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This course covers the entire photographic workflow in Apple Aperture, from import to enhancement to output. Author Derrick Story covers organizing image collections with star ratings, labels, and Smart Albums, and using the image editing tools to adjust exposure, retouch flaws, and correct color balance issues. And one of the most noteworthy features in Aperture is explored in detail: its ability to store video clips alongside the stills from digital cameras, then combine them to create stunning multimedia slideshows.
This course was updated on 10/03/12. Updated movies cover the features added through version 3.3, including Retina display support, iCloud photo sharing, streamlined integration with iPhoto, and much more.
A major improvement under the hood in Aperture 3.3 is Fast Browsing. Now, this takes effect while you're importing images from your memory card and first looking at them in Aperture. We are in the Import dialog box right now, and I have a whole bunch of RAW files ready to come into the application, 352 to be exact. That's a lot of RAW files. Now, in the old days, I wouldn't be able to do much meaningful work until all those files came in and the previews were generated, all that stuff.
As you will see, things have changed. What fast browsing does is that it reads the embedded JPEG in each of these RAW files. The camera actually puts a JPEG in the RAW file container. It will read all of those, it will present those to us first in Aperture and then continue to do the importing process in the background. What that means is that we'll be able to start rating and adding metadata to our images, even before import is over. Sounds really cool, doesn't it? Well, let's take a look at it.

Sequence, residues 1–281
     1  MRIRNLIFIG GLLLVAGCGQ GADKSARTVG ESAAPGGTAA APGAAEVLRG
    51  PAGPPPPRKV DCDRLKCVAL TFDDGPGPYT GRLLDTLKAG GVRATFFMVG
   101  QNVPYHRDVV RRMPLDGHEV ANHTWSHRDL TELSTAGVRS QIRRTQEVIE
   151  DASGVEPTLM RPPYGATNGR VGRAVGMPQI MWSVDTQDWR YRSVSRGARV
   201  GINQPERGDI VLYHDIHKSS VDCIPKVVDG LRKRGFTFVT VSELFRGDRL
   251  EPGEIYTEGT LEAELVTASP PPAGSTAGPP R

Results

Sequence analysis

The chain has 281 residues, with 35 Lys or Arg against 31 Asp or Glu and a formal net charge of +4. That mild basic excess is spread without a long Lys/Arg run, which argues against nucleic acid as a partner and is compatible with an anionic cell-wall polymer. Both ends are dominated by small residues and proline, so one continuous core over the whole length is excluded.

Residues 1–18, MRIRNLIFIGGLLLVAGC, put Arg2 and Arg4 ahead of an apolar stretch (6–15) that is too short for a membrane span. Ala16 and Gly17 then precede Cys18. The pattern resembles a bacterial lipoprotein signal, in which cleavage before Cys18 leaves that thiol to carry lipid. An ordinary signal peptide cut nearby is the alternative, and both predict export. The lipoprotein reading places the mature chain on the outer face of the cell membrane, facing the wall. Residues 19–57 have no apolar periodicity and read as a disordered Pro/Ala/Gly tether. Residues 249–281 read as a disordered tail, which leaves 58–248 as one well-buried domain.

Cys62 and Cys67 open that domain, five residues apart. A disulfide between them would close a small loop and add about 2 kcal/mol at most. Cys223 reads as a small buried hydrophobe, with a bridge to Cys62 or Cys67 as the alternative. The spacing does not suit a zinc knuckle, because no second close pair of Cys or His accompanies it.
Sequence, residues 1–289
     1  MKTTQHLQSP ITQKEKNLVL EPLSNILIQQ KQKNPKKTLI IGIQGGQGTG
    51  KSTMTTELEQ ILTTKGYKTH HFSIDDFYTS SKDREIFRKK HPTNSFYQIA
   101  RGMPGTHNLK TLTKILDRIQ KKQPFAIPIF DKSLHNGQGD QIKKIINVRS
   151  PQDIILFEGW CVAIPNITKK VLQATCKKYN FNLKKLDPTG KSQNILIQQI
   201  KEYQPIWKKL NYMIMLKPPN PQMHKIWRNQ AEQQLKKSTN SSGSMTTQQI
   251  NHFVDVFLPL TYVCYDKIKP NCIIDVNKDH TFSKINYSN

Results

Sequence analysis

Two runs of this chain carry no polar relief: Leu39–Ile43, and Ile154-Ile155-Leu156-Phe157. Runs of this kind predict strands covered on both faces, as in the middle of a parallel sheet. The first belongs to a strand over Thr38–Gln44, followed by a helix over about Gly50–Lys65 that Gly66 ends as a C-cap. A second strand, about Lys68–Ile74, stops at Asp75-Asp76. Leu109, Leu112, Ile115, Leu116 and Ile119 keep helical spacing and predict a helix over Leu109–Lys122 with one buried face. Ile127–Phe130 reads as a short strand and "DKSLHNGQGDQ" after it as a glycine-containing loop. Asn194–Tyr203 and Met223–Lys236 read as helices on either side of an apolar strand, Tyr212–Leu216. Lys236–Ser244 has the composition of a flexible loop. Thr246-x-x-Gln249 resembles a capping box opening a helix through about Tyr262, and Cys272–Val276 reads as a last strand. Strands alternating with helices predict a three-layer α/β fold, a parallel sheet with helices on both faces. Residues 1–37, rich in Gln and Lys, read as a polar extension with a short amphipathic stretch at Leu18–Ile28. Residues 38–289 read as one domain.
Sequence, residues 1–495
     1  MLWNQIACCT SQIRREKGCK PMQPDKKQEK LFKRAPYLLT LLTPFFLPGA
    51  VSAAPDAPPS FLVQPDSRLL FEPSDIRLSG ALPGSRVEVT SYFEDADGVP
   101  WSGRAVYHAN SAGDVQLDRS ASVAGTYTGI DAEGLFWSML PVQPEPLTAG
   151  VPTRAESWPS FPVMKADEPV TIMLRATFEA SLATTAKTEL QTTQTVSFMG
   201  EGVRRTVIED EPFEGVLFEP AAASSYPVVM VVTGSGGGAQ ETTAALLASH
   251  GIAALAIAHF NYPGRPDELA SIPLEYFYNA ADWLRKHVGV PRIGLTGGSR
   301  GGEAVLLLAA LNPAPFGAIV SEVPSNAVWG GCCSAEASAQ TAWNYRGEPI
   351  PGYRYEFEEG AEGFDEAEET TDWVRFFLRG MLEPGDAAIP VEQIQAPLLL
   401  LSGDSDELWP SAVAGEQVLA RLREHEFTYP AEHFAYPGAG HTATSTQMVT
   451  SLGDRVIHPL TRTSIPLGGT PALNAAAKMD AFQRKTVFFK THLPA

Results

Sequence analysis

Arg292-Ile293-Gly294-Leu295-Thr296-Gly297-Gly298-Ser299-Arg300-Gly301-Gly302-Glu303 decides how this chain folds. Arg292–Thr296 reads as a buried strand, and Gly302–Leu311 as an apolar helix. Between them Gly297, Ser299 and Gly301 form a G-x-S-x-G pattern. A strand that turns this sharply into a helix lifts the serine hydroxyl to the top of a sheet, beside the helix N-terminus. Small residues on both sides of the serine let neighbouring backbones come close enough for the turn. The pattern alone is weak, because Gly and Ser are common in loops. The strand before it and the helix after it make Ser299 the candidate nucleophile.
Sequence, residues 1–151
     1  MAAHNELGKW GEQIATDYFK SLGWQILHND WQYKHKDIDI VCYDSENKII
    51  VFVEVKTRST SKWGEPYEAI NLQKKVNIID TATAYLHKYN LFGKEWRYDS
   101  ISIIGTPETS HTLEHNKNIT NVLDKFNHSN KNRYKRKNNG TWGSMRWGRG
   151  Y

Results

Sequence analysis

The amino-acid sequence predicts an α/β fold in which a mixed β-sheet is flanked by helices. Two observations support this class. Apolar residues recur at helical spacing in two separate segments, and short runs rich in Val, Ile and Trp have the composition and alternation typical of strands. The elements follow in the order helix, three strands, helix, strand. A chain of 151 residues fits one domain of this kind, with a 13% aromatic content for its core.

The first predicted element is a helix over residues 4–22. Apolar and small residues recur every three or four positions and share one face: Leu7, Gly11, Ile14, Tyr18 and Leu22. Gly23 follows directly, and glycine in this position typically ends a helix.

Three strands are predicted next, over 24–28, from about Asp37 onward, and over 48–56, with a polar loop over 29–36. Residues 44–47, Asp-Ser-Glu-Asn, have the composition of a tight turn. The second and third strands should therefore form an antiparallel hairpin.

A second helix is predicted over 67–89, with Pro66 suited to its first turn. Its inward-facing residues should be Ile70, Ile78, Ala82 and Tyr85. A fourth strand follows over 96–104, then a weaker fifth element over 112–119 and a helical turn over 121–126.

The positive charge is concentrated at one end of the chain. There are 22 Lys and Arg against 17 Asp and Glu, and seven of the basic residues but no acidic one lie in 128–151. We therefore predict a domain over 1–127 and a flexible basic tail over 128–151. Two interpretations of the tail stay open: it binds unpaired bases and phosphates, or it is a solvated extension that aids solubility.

Keep in mind that I'm using photos from my memory card for this import and that we are not going to keep these images in the Aperture library. They are just for demonstration here on fast browsing. That means that you need to use your own pictures. So get out a memory card with lots of RAW files on it and try the same technique. Okay, here we go! I am going to bring all these RAW files in. We will create a new project, and we will just call this Fast Browsing project, right? Everything else looks good here. So let's let her fly. Okay.
So over here, we can monitor the import process. But you can see that already I have 352 items displayed. The JPEGs are here. So I could double-click on this, I can look at it. I can go to the next image. I can browse down some more. We are still importing over here. This is our indicator showing us that files are still coming in off the memory card into Aperture. We continue to be able to browse our JPEGs here, look at larger versions of them.
If I wanted to, I could even go to Info, and I could go to General, and I could start adding captions. We are still importing, and I am looking at my photos. So all this time that we normally would have had to wait, to go get a cup of coffee, in some cases go get an entire meal, right? I can be productive. I can be doing my work in Aperture while the import process is going on.
Now, what happens after this? Well, the embedded JPEGs that come in from the camera files, those remain the previews until you start to work on images. Then when you start to work on an image, Aperture then will replace it with a generated preview that it creates according to the specifications that you have set up in Preferences. So, this is very efficient. Even right now, it's not building every preview for every shot in here at this moment. It's saving that CPU power for me to be able to do my work.
So Fast Browsing allows us to get to work faster after we've brought our images in from our memory cards. It's a huge improvement in Aperture 3.3.
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